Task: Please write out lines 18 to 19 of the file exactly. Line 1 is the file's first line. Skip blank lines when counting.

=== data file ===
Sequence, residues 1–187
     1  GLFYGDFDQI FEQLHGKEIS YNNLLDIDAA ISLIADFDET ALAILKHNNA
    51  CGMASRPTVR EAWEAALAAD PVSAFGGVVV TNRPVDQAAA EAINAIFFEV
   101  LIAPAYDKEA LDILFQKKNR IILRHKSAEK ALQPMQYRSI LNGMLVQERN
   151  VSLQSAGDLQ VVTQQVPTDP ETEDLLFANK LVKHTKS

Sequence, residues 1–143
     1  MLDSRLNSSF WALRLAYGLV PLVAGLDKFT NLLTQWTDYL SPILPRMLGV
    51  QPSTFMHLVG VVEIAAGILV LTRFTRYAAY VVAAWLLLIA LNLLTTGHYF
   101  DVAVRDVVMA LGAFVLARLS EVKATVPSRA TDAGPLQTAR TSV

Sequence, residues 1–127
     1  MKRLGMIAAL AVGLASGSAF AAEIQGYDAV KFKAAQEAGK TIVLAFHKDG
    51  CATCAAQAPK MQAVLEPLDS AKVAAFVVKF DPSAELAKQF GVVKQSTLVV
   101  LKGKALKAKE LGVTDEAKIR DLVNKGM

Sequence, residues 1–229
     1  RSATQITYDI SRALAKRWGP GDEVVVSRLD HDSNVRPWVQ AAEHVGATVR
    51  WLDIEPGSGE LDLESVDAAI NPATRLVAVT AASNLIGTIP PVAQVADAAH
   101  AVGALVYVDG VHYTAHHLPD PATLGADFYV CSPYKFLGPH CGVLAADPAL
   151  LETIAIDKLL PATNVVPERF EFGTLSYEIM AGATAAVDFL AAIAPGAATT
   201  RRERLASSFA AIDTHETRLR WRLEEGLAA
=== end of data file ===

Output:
   151  LETIAIDKLL PATNVVPERF EFGTLSYEIM AGATAAVDFL AAIAPGAATT
   201  RRERLASSFA AIDTHETRLR WRLEEGLAA